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What is Addiction?

According to the National Institute on Drug Abuse, addiction is "a chronic disease characterized by drug seeking and use that is compulsive, or difficult to control, despite harmful consequences."

Here are a few facts about addiction:

- No single factor can explain why some people become addicted to drugs and others do not. Addiction is shaped by a person's environment, genetics, and development.

- Addiction changes the structure and function of the brain. These changes can seriously impact a substance user's self-control and induce intense cravings and an urge to use over and over again.

-Addiction is treatable, but often requires a long-term commitment to medication, counseling, or both.

-Treatment is most effective when it addresses the whole person, not just the addiction.

-Substance misuse and addiction carry a number of risks, ranging from lost productivity to fatal overdose. Drug overdoses account for more than 70,000 deaths per year in the United States.

United States   


overdose deaths in 2017.
Source: US Ohio Scioto OD Deaths



overdose deaths in 2017.
Source: US Ohio Scioto OD Deaths

Scioto County   


overdose deaths in 2017.
Source: US Ohio Scioto OD Deaths

NSC Memorial Site - Celebrating Lost Loved Ones

Every life lost to addiction is a life worth remembering. "Celebrating Lost Loved Ones," a project by the National Safety Council, memorializes the sons and daughters, husbands and wives, friends and colleagues lost to the opioid epidemic. This map is a reminder that addiction does not discriminate based on age, race, gender, or geography.

Educate yourself about the signs of drug misuse today.

The Case for Medicine

Medication Assisted Treatment (MAT), the combined use of medication and counseling, is the current gold standard for treatment of opioid use disorder (OUD). While methadone has been used in outpatient settings for decades, other medications, including buprenorphine and naltrexone, are commonly prescribed options with proven safety and effectiveness. Suboxone and Vivitrol are two recognized brands.Patients and providers surveyed by SAMHSA about the effectiveness of burprenorphine "reported an average of an 80% reduction in illicit opioid use, along with significant increases in employment, and other indices of recovery." The World Health Organization recognizes both buprenorphine and methadone as essential medicines.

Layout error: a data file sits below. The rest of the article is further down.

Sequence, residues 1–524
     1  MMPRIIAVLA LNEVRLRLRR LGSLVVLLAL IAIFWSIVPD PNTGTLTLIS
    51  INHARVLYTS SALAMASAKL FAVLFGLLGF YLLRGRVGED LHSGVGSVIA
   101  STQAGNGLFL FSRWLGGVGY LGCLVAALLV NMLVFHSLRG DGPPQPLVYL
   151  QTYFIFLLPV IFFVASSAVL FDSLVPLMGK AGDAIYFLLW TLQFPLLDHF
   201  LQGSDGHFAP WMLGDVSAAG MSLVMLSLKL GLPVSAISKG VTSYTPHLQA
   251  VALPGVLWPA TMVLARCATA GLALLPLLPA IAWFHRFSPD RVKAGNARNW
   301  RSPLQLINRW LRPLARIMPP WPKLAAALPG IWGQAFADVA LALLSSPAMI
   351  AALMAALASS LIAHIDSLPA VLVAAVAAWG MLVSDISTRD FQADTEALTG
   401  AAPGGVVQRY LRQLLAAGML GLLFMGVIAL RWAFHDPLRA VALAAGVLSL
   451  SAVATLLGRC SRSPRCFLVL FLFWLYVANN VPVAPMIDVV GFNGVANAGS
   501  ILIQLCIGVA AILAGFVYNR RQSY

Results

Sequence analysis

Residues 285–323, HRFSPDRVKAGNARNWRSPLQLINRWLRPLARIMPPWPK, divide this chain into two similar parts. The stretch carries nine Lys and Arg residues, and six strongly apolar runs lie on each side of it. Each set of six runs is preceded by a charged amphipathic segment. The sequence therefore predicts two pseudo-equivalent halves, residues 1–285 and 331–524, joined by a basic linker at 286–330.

Click here to read recovery success story. Testimonial courtesy of SAMHSA/ATTCN


Every person's recovery process looks different, so there is no perfect "one size fits all" approach to substance use treatment. If you or a loved one is considering programs, it is important to know the right questions to ask.

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The National Institute on Drug Abuse (NIDA) recommends keeping the following five questions in mind as you search for a provider:
  1. Does the program use treatments backed by scientific evidence?
    Evidence-based treatments are those that have demonstrated success. According to NIDA, treatment should include counseling, medication, or ideally both. Examples of effective counseling techniques include cognitive behavioral therapy and motivational interviewing. FDA-approved medications like buprenorphine are available for individuals managing opioid use disorder, while disulfiram and other medications are available for those recovering from alcohol dependence. There is currently no approved medication for methamphetamine addiction.
  2. Does the program tailor treatment to the needs of each patient?
    The ideal program will be able to tailor services to each client's unique background, culture, and needs. Additional services to inquire about may include mental health treatment (for those with co-occurring disorders), family therapy, and social services.
  3. Does the program adapt treatment as the patient’s needs change?
    Relapse happens to even the most motivated individuals. Treatment programs should evaluate the client's progress on a regular basis and adjust the treatment plan as their needs change.
  4. Is the duration of treatment sufficient?
    According to NIDA, "most addicted people need at least three months in treatment to really reduce or stop their drug use and that longer treatment times result in better outcomes."
  5. How do 12-step or similar recovery programs fit into drug addiction treatment? 12-step programs like Narcotics Anonymous and Alcoholics Anonymous provide a source of social support that many individuals in recovery find helpful. Treatment programs may recommend clients attend self-help groups in addition to their ongoing treatment. For many, NA and AA may not be a great fit. Other support group models include Medication-Assisted Recovery Anonymous (MARA) and Harm Reduction Works-HRW.

Content adapted from NIH Publication No. 13-7764